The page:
Geotek Ltd. (UK), a specialist in high resolution, non-destructive analysis of geological cores, has chosen to use a 2D/3D laser profile sensor from Micro-Epsilon on its automated, modular, multi-sensor core scanning platform, BoxScan.
The laser sensors are being used to determine the types of rock within the core samples and have proven to be rugged and reliable out in the field, as well as easy to integrate with the BoxScan machine platform.
Based in Daventry, Northamptonshire, Geotek Ltd. has been supplying its range of Multi-Sensor Core Loggers (MSCL) systems for over 20 years, using a suite of geophysical and geochemical sensors aimed at non-destructive core analysis. MSCL systems can collect a wide range of multi-parameter data from soft unconsolidated sediment in plastic liners and unlined rock cores with flexibility, accuracy and efficiency. Applications vary from users in academic and research, to industrial mining, hydrocarbon and offshore geotechnical sectors.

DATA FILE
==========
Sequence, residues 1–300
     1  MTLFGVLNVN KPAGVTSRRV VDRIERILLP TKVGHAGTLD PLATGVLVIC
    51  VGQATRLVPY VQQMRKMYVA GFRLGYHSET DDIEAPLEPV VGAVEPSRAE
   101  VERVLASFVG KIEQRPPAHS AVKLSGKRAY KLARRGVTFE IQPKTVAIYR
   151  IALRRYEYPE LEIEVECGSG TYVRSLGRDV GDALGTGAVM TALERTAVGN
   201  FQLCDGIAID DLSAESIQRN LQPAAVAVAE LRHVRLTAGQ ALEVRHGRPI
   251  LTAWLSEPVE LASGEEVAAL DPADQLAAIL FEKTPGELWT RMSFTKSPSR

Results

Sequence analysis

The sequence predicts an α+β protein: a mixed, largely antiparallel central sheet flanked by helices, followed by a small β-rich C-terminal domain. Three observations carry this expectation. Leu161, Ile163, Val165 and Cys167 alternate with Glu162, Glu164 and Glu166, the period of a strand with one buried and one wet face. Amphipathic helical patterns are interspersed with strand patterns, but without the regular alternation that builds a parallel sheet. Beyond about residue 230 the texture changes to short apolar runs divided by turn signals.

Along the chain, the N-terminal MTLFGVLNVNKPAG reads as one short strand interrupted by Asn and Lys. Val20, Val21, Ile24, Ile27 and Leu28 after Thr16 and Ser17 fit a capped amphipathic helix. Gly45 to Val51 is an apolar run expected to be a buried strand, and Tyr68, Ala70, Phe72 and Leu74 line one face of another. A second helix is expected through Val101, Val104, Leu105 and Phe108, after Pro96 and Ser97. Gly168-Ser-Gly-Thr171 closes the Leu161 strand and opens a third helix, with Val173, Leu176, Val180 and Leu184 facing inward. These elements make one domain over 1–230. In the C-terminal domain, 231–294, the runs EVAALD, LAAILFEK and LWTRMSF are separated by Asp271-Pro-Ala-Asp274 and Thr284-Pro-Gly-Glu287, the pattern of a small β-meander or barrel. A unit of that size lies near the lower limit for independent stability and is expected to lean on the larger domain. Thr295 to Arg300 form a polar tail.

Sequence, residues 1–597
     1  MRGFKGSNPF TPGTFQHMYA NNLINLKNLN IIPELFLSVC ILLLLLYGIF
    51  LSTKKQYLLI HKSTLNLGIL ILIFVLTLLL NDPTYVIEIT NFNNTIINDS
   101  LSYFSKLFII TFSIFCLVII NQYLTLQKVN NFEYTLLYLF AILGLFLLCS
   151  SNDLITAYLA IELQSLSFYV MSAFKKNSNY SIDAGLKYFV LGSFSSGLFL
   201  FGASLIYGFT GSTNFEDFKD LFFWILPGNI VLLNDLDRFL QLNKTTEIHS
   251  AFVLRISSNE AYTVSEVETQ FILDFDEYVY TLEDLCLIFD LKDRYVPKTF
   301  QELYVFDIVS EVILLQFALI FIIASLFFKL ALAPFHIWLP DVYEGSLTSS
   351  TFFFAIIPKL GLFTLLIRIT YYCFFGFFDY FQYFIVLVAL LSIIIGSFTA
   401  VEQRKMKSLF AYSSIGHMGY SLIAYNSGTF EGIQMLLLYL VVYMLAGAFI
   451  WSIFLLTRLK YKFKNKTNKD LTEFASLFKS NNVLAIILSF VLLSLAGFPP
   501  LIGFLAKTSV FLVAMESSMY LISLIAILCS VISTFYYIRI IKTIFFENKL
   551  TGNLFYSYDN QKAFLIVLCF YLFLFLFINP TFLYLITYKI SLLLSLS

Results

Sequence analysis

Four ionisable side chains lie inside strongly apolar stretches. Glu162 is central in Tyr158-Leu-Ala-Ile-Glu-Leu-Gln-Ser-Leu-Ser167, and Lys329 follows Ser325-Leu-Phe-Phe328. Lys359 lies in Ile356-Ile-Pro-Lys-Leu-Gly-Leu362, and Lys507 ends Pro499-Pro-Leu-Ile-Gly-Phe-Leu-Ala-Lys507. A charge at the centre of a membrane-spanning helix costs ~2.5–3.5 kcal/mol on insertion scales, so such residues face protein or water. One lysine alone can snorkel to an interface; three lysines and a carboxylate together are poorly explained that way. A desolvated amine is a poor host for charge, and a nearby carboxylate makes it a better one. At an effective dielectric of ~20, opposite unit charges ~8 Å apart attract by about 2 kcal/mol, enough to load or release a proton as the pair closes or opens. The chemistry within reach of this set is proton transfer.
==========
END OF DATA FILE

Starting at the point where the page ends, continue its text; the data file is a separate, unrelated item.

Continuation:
Opportunity to Automate
BoxScan was developed to solve the often resource-draining practicalities of acquiring laborious handheld logging measurements using pXRF, NIR or cameras. Geotechnical and geochemical parameters of rock core samples are acquired automatically and simultaneously in a single operation using the field deployable BoxScan.
Users are able to choose the most fit-for-purpose multi-sensor suite for their project thanks to BoxScan’s modular set up. Through the use of dedicated acquisition software, scanning parameters for each core sample box or even each metre of core can be amended so that frequency of measurement, type of measurement, or even integration time of measurement can be optimized as required for the project.